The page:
Certification Help

Discussion in 'Private School Teachers' started by stephk2689, Jul 17, 2015.

  1. stephk2689

    stephk2689 Rookie

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    Jul 17, 2015

    I am a Third Grade teacher in an independent school in New Jersey. I just received my CE and am so happy because it was such a long an annoying process with the DOE. I am at a cross roads right now because my boss is saying that I need my Standard certificate to continue on in my position. I am upset because in our employee handbook it clearly states that you may have your CE, CEAS, or Standard certificate in order to be a head teacher at my school. So I don't understand why I need to get my Standard cert. Can someone explain?

    I am planning on calling her to discuss what the handbook says, but if it turns out that I do need to get my Standard and begin the PTP program...then I think I need some advice.

    Can anyone tell me about their experience in the PTP program, and what the classes were like? How painful is my year of working/going back to school really going to be?

    I'm also upset because it looks like the classes you have to take are just like the ones I took in college. (I completed my education classes but never received my certification...long story.) Is there a way for me to get out of having to take these classes?

    I am also interested in going to graduate school next fall. Is there a way for me to get my Standard certificate through graduate school? I would rather work on my masters while getting my certificate than taking these classes at a community college.

    Thank you!
     
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  3. vickilyn

    vickilyn Magnifico

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    Jul 17, 2015

    I am guessing that you are going alternate route through the county colleges. If you haven't actually started the classes you might consider CESP through Rutgers. Cheaper, the classes are in cohorts and hands on. You can find it online. You don't have to have your standard license, I am sure, but you must be enrolled in an AR program so that they can sign you up for the provisional license. The paper work is done pretty much on their end, and any new teacher would still have a provisional year, even with a degree. You can go to graduate school next fall, but you will not get a standard certificate without a provisional license first, 30 weeks, with the mandated evaluations. If you are going AR, make sure you specify you want the license for public schools. If you get the license for a charter school, you can't use it to teach in any public school, so we pretty much have a substandard license and a standard license you can take anywhere. I doubt that NJ will word it that way, but that is the reality.

    Good luck.
     
  4. stephk2689

    stephk2689 Rookie

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    Jul 17, 2015

    Thank you so much! Yes, I am going AR. So if I enter the PTP this fall, would I be able to get a standard certificate in graduate school for the following fall? I will be sure to specify about the public school standard license. Thanks for the tip!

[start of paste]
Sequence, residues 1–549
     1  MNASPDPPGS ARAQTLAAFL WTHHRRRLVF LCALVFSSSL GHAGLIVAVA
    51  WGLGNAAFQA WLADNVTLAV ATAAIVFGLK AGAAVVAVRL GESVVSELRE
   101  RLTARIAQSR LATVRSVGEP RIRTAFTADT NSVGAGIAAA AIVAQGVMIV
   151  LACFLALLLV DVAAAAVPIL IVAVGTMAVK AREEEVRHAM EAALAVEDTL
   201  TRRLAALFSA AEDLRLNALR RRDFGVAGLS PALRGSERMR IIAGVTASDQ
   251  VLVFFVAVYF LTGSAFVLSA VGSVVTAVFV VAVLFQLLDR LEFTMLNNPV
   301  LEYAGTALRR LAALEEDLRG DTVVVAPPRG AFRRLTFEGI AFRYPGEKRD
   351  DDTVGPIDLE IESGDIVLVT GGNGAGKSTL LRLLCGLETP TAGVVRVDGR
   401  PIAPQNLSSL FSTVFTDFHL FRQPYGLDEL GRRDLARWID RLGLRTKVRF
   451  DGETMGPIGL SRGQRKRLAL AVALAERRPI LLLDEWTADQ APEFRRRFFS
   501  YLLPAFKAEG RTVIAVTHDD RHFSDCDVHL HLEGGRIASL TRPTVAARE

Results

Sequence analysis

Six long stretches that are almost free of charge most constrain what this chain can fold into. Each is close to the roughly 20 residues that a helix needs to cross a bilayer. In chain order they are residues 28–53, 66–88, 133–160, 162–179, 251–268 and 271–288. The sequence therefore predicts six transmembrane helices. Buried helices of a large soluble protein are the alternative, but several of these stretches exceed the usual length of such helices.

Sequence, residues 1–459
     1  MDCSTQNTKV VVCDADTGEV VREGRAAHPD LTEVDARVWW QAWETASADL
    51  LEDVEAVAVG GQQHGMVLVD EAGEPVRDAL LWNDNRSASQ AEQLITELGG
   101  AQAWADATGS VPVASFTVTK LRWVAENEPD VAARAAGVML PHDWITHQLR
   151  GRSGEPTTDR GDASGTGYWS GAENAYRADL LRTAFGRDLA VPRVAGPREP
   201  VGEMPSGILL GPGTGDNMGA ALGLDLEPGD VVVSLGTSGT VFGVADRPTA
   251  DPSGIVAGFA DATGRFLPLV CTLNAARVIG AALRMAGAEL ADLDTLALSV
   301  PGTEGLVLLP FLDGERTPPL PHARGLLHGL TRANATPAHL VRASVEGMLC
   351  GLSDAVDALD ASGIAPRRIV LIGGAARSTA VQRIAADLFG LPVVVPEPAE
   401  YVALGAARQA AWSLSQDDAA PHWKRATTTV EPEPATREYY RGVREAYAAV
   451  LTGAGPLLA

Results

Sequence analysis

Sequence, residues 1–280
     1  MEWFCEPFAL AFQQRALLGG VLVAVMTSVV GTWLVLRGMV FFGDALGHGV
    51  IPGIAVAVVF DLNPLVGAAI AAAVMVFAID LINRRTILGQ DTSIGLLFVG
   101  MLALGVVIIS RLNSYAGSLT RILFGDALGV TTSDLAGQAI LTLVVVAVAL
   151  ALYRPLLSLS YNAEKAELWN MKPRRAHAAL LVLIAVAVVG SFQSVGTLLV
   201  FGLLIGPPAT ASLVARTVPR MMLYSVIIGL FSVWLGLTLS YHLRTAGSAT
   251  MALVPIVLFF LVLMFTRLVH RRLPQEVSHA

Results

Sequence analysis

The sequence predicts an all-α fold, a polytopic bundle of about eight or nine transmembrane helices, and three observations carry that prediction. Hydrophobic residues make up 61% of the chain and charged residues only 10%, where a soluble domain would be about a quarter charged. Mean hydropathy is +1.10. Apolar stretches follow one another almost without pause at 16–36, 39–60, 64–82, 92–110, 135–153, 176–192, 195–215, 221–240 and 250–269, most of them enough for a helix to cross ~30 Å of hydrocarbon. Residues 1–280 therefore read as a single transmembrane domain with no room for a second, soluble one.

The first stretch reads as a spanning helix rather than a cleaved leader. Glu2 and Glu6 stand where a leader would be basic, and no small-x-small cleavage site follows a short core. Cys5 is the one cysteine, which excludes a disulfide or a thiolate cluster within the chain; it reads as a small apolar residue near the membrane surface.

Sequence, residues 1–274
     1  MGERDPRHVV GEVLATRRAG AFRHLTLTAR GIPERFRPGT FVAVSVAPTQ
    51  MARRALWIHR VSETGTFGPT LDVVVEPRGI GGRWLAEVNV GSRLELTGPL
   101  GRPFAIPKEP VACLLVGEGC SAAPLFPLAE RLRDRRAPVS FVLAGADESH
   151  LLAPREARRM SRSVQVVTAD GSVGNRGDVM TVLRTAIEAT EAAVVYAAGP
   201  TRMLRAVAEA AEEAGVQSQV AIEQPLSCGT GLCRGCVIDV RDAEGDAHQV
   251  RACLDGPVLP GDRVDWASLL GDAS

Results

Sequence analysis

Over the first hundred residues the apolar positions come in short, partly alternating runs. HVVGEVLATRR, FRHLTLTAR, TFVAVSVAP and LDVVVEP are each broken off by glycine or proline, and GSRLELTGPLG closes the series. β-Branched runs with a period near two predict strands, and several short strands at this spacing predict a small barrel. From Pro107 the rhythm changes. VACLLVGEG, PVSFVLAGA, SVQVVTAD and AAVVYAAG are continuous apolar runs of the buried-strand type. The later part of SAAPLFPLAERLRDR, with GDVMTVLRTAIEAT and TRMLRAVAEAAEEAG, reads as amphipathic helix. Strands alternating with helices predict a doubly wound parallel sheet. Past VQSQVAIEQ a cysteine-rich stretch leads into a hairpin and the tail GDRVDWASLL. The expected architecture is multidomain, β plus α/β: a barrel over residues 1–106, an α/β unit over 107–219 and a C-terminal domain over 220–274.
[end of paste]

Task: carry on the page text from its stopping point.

5. vickilyn

    vickilyn Magnifico

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    Jul 17, 2015

    If you complete the 30 weeks and all of the evaluations are done at the correct time, yes, your CE will go to a standard certificate from being provisional. You must, however, successfully complete the AR program you are enrolled in. I used the Rutgers program because if is cheapest, I had no desire to pay big bucks to earn graduate credit at a university I would never want to attend, and if I was going to get a masters, I would want it to be the road of my choosing. I earned my standard certificate in my content area, and when I did go after my masters it was in a direction that I didn't see coming. To me, the masters degree makes the most sense when you have enough experience to know what truly interests you and what you really want to know more about. To pursue it just to say you have it seems like a waste of time, personally. If you pursue it because now that you are teaching you have discovered something that is very interesting, something vital, that will make you a better teacher every day of your life, well, that is how it is supposed to work. It should be an overwhelming thirst for that specific knowledge, not just a ledger book of credits that mean nothing to you.

    When you start your provisional teaching year, you will note that there are specific times that evaluations are done. If your timeline gets messed up, you could end up not completing it in a single academic year. In that case, even though you worked the year, you might still need the last evaluation, meaning that you would be in the provisional program for another semester. There is the way it should work, and the reality of what happens. Just thought you should know that, in the spirit of full disclosure. Any additional CE's that you happen to have will become standard when that provisional becomes standard. So if I have a provisional in elementary, but also have a CE in MS ELA, and a CE in Chemistry, when the elementary is completed for the 30 weeks and all evaluations, all of those will become standard at the same time. However, if your evaluations get off schedule and you don't finish the program in 30 weeks, the additional CE's are stuck in limbo too.

    Hope that helps.

    As far as being stressed that year of doing everything, yes, you will be, but in my program it was quite doable. Not at all sure about going through the county colleges program.

    Good luck.
     

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